Make Innovation Happen: FMCG in Scotland
15 May 2017
Last week, the food and drink industry in Scotland announced an ambitious new service, called ‘Make Innovation Happen’. It is designed to help business within the industry to keep up with change. The service is set to be delivered through a combination of public sector and industry bodies.
The idea is to encourage companies to drive innovation – with £1.1m of funding being provided by Scottish Enterprise and Highlands and Enterprise. This is because, research has shown that, when a company innovates, they are twice as likely to grow and three times more likely to export successfully.
In March of this year, The Scotland Food & Drink Partnership unveiled a new strategy for the industry, named ‘Ambition 2030’. This new approach intends to celebrate food and drink as Scotland’s most valuable exports industry – with an aim to doubling the industry turnover to £30 billion by 2030.
Scotland’s total food and drink exports to the US were valued at around £935.5 million last year, up £21 million on 2015. As in previous years, Scotch whisky exports accounted for the majority of Scotland’s food and drink exports to North America, valued at £855.6 million in the US and £73.6 million in Canada.
The rise in popularity of ‘craft’ products – from beer to butcher meat – and a commitment to sustainable produce has also helped fuel the surge in growth. The Scottish food and drink industry as a whole is said to be growing at twice the rate of the UK average, according to government figures.
Director of Black Wolf Brewery in Stirling, Andrew Richardson, said: “If you aren’t innovating then you’re going backwards as your competitors continually move forward.
Feedback from industries such as farming and fishing suggest that these types of industries need more help when trying to find the right support to successfully grow their existing exports.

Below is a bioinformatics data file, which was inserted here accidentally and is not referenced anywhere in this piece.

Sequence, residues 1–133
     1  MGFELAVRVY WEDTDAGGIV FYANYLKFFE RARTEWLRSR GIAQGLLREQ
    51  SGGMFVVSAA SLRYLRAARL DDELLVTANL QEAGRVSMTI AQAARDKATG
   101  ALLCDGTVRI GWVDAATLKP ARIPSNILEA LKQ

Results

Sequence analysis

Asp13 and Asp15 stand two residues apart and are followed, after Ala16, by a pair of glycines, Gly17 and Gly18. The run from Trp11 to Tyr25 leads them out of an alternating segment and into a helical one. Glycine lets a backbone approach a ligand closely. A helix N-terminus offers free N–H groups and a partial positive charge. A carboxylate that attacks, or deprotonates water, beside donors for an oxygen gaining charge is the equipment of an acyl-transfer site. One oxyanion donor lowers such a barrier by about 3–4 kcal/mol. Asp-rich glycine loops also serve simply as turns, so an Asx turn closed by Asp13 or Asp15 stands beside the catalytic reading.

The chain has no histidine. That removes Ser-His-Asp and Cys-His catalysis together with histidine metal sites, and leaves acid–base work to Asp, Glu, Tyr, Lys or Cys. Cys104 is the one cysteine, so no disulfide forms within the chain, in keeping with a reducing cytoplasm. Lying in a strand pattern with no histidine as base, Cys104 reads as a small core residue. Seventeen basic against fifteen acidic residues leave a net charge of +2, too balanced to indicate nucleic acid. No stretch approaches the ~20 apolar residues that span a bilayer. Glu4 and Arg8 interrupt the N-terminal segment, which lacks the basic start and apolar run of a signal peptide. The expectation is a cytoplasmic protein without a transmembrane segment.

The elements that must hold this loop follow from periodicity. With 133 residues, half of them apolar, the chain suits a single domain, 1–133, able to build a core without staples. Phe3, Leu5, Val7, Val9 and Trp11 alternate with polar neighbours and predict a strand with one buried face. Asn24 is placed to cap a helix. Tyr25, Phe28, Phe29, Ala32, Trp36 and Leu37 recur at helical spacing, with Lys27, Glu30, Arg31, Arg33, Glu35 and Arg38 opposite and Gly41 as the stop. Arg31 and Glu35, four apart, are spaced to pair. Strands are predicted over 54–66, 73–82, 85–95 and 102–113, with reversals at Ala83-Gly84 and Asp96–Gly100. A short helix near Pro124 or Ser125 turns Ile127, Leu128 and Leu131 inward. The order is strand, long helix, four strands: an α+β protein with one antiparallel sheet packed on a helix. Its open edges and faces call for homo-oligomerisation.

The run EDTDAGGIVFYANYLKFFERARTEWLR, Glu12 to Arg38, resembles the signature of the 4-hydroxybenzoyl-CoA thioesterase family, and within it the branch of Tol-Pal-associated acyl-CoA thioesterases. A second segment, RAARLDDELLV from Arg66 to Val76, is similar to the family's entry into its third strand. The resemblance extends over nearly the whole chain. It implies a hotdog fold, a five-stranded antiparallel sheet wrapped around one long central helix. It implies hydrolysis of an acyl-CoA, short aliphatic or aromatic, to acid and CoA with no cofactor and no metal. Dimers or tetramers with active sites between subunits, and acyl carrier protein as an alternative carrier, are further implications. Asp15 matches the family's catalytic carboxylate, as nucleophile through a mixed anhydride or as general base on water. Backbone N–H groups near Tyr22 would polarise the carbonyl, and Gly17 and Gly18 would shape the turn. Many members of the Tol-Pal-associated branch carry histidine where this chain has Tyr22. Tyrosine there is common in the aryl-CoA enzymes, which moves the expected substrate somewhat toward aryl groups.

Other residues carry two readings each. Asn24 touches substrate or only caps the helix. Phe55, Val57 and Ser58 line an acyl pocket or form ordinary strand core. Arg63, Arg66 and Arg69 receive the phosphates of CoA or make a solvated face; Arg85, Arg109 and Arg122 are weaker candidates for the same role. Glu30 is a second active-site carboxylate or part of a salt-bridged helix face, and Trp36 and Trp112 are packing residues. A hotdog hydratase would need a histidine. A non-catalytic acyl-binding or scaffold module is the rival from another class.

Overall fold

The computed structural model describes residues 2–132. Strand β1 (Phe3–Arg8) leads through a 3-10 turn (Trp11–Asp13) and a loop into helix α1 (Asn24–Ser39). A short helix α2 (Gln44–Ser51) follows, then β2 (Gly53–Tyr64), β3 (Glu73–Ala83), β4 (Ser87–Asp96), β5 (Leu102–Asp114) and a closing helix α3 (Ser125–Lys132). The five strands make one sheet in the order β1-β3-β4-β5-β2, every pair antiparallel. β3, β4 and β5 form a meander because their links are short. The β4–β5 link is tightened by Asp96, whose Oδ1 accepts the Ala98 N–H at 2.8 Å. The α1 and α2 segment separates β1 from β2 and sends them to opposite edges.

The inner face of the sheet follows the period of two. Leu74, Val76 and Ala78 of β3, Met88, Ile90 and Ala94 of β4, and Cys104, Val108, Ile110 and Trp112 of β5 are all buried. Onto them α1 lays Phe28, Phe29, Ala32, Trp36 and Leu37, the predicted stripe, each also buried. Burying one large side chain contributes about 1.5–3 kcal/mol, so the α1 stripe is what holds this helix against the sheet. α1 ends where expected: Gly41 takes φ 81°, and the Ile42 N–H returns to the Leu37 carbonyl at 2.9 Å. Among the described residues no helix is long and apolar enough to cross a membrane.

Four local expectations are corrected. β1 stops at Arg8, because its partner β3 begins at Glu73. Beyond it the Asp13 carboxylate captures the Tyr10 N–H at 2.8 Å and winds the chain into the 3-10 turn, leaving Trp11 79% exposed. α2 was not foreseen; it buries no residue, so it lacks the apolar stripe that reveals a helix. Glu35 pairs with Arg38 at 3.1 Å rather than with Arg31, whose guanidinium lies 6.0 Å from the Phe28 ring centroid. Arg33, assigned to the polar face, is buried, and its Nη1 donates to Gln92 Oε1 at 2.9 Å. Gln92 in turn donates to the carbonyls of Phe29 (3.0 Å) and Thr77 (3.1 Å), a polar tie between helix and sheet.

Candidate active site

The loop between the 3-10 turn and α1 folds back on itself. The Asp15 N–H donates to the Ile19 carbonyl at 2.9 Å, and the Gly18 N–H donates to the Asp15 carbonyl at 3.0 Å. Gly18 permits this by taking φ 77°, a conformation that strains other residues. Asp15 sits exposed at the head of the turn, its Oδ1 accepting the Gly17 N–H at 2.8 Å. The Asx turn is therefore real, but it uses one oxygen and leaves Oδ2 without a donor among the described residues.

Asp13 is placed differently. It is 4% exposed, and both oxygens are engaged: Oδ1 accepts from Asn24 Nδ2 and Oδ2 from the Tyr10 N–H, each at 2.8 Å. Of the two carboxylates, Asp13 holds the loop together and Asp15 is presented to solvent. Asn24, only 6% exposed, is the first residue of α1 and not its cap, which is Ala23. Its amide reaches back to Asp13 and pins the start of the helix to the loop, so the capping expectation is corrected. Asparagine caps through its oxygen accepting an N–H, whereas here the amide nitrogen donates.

The new ‘Make Innovation Happen’ strategy will provide these businesses with more support and streamlined access to new innovations within the sector.
Support will include specialist facilities, advice on innovation funding and access to consumer insights – all of which will prove invaluable for business looking to grow. Individual business will also be supported and guided through their own, personal innovation journey.
Advisors will be renamed ‘Innovation Connectors’ and they will be on hand to provide resources from the public sector and academia.
Rural Economy Secretary, Fergus Ewing, said: “Scotland’s reputation as an innovative and globally trading nation is recognised but we need to keep moving forward. We want more food and drink businesses across Scotland to sell more goods and services to more markets. We want existing investors to develop, grow and expand in Scotland and that we remain a location of choice for inward investors."
FMCG is Scotland's largest manufacturing sector, accounting for 18.8% of total manufacturing turnover. Food and drink manufacturing accounts for around 45% of Scotland's full supply chain turnover & the number of people it employs.
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Written By Michelle McLaughlin